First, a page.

Why we eat potato pancakes at Chanukah

By Rabbi Joshua Ginsberg, Beth Abraham Synagogue

If latkes could talk, what would they tell us? The Latke Song, a fun tune by the late Debbie Friedman, channels everyone’s favorite Chanukah food, and answers this very question. You can hear many covers of this popular song on YouTube.

Latkes, Yiddish for potato pancakes, are one of the quintessential Chanukah delicacies for Ashkenazic Jews.

They are fried in oil to commemorate the central miracle of the Chanukah story — a one-day supply of olive oil (for the Temple Menorah) that lasted eight days during the Maccabees’ heroic victory over the Syrian-Greek Seleucid Empire led by Antiochus IV.

But why potato pancakes?

In truth, latkes didn’t emerge as a Chanukah treat until the 16th century, when this New World product was introduced to Europe.

Before potatoes arrived on the continent, latkes were often made with buckwheat.

Rabbi Joshua Ginsberg, Beth Abraham Synagogue
Rabbi Joshua Ginsberg, Beth Abraham Synagogue

And as it turns out, potatoes weren’t an overnight success. According to the food historian Ken Albala, whose Sephardic grandparents emigrated from Turkey and Greece a century ago, “Potatoes did not fit into a culinary niche that Europeans knew about.”

Only when famine threatened in the late 18th century were farmers in northern and central Europe motivated to overcome their fears and plant potatoes.

And it wasn’t until back-to-back crop failures in 1839 and 1840 made starvation a distinct possibility that farmers in Eastern Europe followed suit.

This was a good thing, because for the Jews of the shtetl villages in Eastern European countries such as Russia and Poland, pickings were slim in winter, and potatoes were cheap and available from the root cellar.

Millions of Jewish mothers provided sustenance to their hungry children with just a few potatoes and very little fuel.

Few latkes, however, were actually fried in vegetable oil, let alone olive oil. In Eastern Europe, vegetable oils were often hard to find. So they fried them with schmaltz, fat rendered from chicken, duck or goose.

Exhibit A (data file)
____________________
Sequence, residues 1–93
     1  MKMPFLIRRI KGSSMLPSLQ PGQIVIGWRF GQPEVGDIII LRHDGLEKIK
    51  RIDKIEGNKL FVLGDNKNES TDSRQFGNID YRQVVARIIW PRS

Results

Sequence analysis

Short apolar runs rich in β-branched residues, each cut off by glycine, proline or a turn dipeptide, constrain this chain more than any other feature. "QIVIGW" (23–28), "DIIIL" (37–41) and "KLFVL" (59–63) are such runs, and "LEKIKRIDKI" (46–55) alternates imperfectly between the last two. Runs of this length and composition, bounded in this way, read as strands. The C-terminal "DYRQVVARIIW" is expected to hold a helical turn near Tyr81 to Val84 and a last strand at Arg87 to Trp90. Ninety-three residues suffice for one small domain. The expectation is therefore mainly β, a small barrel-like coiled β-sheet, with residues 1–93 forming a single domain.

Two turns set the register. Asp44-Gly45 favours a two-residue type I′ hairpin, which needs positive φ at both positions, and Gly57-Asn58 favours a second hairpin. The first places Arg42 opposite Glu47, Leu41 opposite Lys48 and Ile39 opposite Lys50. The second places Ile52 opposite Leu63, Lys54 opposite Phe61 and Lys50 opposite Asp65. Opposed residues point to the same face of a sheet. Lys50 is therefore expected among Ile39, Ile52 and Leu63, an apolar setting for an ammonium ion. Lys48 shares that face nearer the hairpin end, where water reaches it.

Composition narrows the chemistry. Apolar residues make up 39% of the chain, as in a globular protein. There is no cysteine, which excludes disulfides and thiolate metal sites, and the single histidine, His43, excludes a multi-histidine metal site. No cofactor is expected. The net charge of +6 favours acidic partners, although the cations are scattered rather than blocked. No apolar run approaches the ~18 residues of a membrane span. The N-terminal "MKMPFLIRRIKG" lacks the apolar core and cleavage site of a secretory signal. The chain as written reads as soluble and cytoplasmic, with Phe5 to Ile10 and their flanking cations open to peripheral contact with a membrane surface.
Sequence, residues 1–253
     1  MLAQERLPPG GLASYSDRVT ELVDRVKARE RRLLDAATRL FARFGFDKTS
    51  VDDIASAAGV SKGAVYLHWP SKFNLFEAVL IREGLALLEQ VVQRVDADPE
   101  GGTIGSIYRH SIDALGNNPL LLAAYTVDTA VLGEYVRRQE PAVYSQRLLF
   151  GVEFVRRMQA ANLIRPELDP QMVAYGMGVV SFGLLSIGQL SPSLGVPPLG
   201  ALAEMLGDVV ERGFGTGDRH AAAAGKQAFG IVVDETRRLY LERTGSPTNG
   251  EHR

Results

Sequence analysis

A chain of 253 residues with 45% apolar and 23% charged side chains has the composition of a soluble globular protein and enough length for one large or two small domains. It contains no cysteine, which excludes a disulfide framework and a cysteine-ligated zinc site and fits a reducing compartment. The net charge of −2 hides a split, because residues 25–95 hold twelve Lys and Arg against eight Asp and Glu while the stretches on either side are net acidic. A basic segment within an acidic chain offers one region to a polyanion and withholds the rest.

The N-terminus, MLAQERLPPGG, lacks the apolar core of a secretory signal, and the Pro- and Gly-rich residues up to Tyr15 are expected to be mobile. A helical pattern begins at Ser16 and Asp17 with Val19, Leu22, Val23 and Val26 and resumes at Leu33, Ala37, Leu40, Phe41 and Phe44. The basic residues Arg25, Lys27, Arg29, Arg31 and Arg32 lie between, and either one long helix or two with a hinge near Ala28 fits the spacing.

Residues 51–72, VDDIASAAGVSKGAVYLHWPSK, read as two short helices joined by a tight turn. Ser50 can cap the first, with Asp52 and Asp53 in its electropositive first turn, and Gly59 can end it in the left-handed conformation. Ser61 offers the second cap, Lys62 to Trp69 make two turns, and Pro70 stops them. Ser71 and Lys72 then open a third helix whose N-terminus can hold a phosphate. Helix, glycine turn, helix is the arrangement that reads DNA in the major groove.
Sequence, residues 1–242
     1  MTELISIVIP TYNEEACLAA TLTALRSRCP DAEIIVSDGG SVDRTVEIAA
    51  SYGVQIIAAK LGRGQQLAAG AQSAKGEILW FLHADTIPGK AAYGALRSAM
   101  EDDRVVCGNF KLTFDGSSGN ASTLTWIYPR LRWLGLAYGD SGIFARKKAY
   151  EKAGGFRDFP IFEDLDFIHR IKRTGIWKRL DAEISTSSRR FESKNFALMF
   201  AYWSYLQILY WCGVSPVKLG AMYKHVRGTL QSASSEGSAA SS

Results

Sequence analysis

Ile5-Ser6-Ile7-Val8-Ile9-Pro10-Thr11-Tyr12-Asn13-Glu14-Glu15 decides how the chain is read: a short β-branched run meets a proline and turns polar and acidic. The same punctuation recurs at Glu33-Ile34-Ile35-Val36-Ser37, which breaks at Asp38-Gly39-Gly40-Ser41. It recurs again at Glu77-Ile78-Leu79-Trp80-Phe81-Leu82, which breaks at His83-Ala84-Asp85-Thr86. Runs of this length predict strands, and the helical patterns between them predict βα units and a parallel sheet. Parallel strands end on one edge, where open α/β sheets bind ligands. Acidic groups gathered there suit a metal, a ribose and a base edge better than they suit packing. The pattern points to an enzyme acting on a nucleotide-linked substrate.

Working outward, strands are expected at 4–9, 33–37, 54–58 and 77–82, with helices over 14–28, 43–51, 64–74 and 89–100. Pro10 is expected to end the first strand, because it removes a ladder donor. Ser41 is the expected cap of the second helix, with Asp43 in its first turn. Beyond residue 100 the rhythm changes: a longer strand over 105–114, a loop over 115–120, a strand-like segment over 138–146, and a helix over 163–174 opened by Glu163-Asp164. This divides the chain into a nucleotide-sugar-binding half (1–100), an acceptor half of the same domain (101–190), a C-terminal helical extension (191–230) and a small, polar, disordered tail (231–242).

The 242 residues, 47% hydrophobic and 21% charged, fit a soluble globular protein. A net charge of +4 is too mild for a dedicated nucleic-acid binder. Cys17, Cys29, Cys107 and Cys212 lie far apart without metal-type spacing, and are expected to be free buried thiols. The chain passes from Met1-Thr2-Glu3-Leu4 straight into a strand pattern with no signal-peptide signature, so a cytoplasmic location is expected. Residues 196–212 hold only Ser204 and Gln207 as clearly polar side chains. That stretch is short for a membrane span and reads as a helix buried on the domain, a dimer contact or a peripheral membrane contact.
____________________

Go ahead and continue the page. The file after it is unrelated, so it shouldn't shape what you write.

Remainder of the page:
This was an unfortunate turn of events (at least for this vegetarian) because latkes were originally made with cheese.

The latke, potato or not, descends from Italian pancakes that were made with ricotta cheese.

The first connection between Chanukah and pancakes was made by the famous 13th-century Italian rabbi, Kalonymus ben Kalonymus.

In a poem, the rabbi included cheese pancakes in a list of dishes to serve at an idealized Chanukah (and Purim) feast. This perfectly tied into an earlier tradition.

In the early Middle Ages, dairy foods were connected with the Festival of Lights.

This was due to the Book of Judith, which is not part of the official Chanukah story (the story is connected with the first Temple, but nevertheless came to be associated with Chanukah).

According to this book, the beautiful Judith entertained an Assyrian general with salty cheese and with wine. When he passed out, she decapitated him with his own sword.

This allowed the Jews to mount a successful surprise attack. In one version of this story that circulated, the salty cheese was cooked into a latke, a pancake.

In Rome, Jews still make pancakes with ricotta for Chanukah. Perhaps, serving potato latkes with sour cream is a continuation of the tradition, since thankfully most of us no longer fry our latkes in schmaltz, but in oil, ideally olive.

Interestingly, Tel Aviv-based food writer Phyllis Glazer notes the word latke may derive from the Old Russian oladka, and is a diminutive of olad’ya, from Greek eladia, the plural of eladion, which means “a little oily thing.”

This comes from elaia, which means olive.

This reminds us that it is not the potato per se that should take center stage on Chanukah, but the miracle of the oil.

This is a good thing, since the Maccabees never saw a potato, much less a potato pancake; although, they did witness the liberating power of God.

We know this not only from the Chanukah story, but also from the term Maccabees, which is derived from an acrostic of the Hebrew, Mi Kamocha Ba’Eilim Adoshem, Who among the mighty is like you, God?

In our house, we often mix things up by making our latkes out of zucchini, carrots or sweet potatoes. Perhaps this year we’ll add a fried cheese latke to our repertoire.

Just as we can’t forget Judah Maccabee, we won’t forget our traditional friend, the potato. We’ll keep the oil burning this Chanukah season for the tried and true potato latke.

As the Chanukah light sheds its sweet light, may the aroma of oily treats also remind us of days long ago.

Chanukah Sameach, Happy Chanukah.

To read the complete December 2017 Dayton Jewish Observer, click here.

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